ggplot(df.auth.1, aes(x=time, y=x, fill=0-x)) +
  geom_bar(stat="identity", position="dodge", width = .5) + 
  geom_text(aes(label=round(x,1)), size = 4, 
            fontface=2, hjust =  .45, vjust = -0.75) + 
  theme_grey() +
  scale_size_area() +
  scale_y_continuous('', limits=c(0, 10), breaks = seq(0,10, by=2)) +
  scale_x_discrete('') +
  theme(legend.position="none") +
  labs(title = "Fig. 3: Mean number of authors per paper and year",
       caption = "Data source: PubMed")

plot of chunk ggplot2

According to figure 3 and 4, the number of authorships per article has been rising over the whole time period. This is in accordance with the general trend towards a rise in the number of personal authors per citation.

ggplot(df.auth.2, aes(x=time, y=x, fill=0-x)) +
  geom_bar(stat="identity", position="dodge", width = .5) + 
  geom_text(aes(label=round(x,1)), size = 4, 
            fontface=2, hjust =  .45, vjust = -0.75) + 
  theme_grey() +
  scale_size_area() +
  scale_y_continuous('', limits=c(0, 10), breaks = seq(0,10, by=2)) +
  scale_x_discrete('') +
  theme(legend.position="none") +
  labs(title = "Fig. 4: Mean number of authors per paper and time period",
       caption = "Data source: PubMed")

plot of chunk ggplot3

Between 1997 and 2016, the mean number of authors per publication has increased from about four to six. The enormous rise in the maximum number of authors (see Fig. 5) supports the idea of an inflation in the number of authors per paper.

ggplot(df.auth.3, aes(x=time, y=x, fill=0-x)) +
  geom_bar(stat="identity", position="dodge", width = .5) + 
  geom_text(aes(label=round(x,1)), size = 4, 
            fontface=2, hjust =  .45, vjust = -0.75) + 
  theme_grey() +
  scale_size_area() +
  scale_y_continuous('', limits=c(0, max(df.auth.3$x)+5), breaks = seq(0, max(df.auth.3$x)+5, by=5)) +
  scale_x_discrete('') +
  theme(legend.position="none") +
  labs(title = "Fig. 5: Max number of authors per paper and year",
      caption = "Data source: PubMed")

plot of chunk ggplot4

Text mining

Before we analyze the data, some janitorial work needs to be done.
We start with (1) defining a list of stopwords, (2, 3) remove non-word characters, (4, 5) replace spaces in two word groups we want to be grouped together, and (6) remove the defined stopwords from the variable containing the citation titles.

sw <- c(Top200Words, 'among') # qdap
mydata$txt <- rm_non_words(mydata$title) # qdapRegex
mydata$txt <- str_replace_all(mydata$txt, "'", "") # stringr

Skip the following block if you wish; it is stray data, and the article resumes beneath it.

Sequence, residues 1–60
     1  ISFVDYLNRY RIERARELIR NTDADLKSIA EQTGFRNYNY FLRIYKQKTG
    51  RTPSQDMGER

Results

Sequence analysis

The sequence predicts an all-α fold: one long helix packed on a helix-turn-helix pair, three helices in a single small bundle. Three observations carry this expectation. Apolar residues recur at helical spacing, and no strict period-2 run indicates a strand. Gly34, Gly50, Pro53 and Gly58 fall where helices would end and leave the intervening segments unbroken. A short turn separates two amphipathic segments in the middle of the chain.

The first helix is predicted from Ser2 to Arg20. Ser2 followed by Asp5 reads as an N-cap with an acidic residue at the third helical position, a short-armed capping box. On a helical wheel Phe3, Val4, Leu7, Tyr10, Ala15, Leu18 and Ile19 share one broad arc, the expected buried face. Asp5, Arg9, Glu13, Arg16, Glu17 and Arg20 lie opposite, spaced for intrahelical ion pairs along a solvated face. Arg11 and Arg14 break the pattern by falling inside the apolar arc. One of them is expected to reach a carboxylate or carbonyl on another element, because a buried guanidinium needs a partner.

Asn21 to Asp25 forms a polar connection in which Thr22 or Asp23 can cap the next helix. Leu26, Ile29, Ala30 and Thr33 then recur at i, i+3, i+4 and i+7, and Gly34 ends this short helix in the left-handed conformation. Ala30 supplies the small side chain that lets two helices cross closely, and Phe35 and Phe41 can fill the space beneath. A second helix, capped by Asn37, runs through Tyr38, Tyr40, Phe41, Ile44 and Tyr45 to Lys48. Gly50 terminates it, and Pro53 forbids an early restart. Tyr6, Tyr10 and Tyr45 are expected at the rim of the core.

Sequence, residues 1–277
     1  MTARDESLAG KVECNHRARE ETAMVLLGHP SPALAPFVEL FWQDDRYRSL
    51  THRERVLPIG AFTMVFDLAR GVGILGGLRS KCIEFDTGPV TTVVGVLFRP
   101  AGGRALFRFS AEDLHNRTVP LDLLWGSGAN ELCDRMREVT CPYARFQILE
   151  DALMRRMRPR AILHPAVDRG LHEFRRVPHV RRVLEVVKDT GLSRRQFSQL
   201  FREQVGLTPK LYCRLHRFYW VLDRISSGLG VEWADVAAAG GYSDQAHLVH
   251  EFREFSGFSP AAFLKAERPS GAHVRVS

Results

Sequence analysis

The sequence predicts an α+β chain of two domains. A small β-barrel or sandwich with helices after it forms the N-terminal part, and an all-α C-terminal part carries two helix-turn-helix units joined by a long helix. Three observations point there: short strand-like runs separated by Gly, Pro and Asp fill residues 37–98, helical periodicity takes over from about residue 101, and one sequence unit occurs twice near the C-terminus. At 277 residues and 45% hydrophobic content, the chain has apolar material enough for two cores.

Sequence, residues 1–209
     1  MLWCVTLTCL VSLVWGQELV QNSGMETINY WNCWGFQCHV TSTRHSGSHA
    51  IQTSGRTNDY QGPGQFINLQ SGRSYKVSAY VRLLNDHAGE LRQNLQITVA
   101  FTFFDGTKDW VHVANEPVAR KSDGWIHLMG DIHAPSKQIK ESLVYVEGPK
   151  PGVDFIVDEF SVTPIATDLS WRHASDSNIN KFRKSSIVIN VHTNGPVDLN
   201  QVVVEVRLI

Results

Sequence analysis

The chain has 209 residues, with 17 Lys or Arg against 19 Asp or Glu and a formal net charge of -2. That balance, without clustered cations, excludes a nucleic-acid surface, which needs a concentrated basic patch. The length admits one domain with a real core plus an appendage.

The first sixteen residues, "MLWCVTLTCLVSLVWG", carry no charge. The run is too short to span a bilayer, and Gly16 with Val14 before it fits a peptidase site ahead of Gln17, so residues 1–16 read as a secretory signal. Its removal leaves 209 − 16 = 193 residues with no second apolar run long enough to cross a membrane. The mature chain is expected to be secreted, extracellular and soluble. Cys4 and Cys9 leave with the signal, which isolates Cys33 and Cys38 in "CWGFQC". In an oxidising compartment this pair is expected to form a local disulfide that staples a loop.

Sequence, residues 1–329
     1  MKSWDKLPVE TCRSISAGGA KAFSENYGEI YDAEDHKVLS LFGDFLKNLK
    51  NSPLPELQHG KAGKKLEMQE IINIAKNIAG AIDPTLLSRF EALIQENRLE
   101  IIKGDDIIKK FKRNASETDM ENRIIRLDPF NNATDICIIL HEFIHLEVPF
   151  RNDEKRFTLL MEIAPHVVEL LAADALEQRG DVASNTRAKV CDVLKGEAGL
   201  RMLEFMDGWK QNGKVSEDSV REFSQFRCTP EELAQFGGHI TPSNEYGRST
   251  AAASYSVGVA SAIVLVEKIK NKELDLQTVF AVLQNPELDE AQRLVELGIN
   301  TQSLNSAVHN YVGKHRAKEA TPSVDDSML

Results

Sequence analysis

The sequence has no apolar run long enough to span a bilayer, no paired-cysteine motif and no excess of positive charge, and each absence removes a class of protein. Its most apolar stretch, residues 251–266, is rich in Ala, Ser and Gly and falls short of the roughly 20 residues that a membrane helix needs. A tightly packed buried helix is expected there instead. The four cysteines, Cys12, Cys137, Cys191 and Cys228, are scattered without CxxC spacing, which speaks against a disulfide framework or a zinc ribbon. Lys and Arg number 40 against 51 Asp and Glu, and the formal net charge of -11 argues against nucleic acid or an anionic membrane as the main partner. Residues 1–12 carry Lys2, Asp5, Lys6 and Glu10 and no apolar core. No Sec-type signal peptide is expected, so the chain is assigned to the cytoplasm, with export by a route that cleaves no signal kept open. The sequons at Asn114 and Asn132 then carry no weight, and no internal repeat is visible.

keeps <- c('quality of life', 'health related')
mydata$txt <- space_fill(mydata$txt, keeps, sep = "~~") # qdap
mydata$txt <- rm_stop(mydata$txt, sw,
                      separate = FALSE) # qdap

In the next step, we generate a distribution table for all words of the citation titles. The resulting data frame (df.words) consits of three variables: interval (citation title terms), freq (term frequency), and percent (percentage of the term).

df.words <- dist_tab(breaker(mydata$txt)) # qdap
df.words <- df.words[,c(1, 2, 4)]
df.words <- subset(df.words, percent > 0.5)
df.words <- df.words[order(df.words$percent),] 
df.words$interval <- factor(df.words$interval, 
                            levels=df.words$interval,
                            labels=df.words$interval, 
                            ordered=TRUE) 
kable(head(df.words))
interval freq percent
666 coping 141 0.51
2407 prostate 140 0.51
789 depression 143 0.52
1335 health 147 0.53
2678 review 150 0.54
2190 patient 154 0.56

With the next R code we create a list l.txt_time containing four sub lists.

# group titles by time period
l.txt_time <- by(mydata$txt, mydata$time, breaker)
str(l.txt_time)
## List of 4
##  $ 1997-2001: chr [1:2160] "relationship" "between" "trait" "anxiety" ...
##  $ 2002-2006: chr [1:3608] "measurement" "coping" "stress" "responses" ...
##  $ 2007-2011: chr [1:7310] "novel" "stop" "multidisciplinary" "clinic" ...
##  $ 2012-2016: chr [1:14606] "relationship" "between" "objectively" "measured" ...
##  - attr(*, "dim")= int 4
##  - attr(*, "dimnames")=List of 1
##   ..$ mydata$time: chr [1:4] "1997-2001" "2002-2006" "2007-2011" "2012-2016"
##  - attr(*, "call")= language by.default(data = mydata$txt, INDICES = mydata$time, FUN = breaker)
##  - attr(*, "class")= chr "by"

The following code snippet is to convert these four lists into separate data frames, each containing the most frequent citation title terms of the different periods of time.

# time span 1997-2001
df.t1 <- dist_tab(l.txt_time[[1]])
df.t1 <- df.t1[,c(1, 2, 4)]
df.t1 <- subset(df.t1, percent > 0.2)
df.t1 <- df.t1[order(df.t1$percent),] 
df.t1$interval <- factor(df.t1$interval, 
                         levels=df.t1$interval,
                         labels=df.t1$interval, 
                         ordered=TRUE) 
df.t1$year <- levels(mydata$time)[1]
# time span 2002-2006
df.t2 <- dist_tab(l.txt_time[[2]])
df.t2 <- df.t2[,c(1, 2, 4)]
df.t2 <- subset(df.t2, percent > 0.2)
df.t2 <- df.t2[order(df.t2$percent),] 
df.t2$interval <- factor(df.t2$interval, levels=df.t2$interval,
                         labels=df.t2$interval, ordered=TRUE) 
df.t2$year <- levels(mydata$time)[2]
# time span 2007-2011
df.t3 <- dist_tab(l.txt_time[[3]])
df.t3 <- df.t3[,c(1, 2, 4)]
df.t3 <- subset(df.t3, percent > 0.3)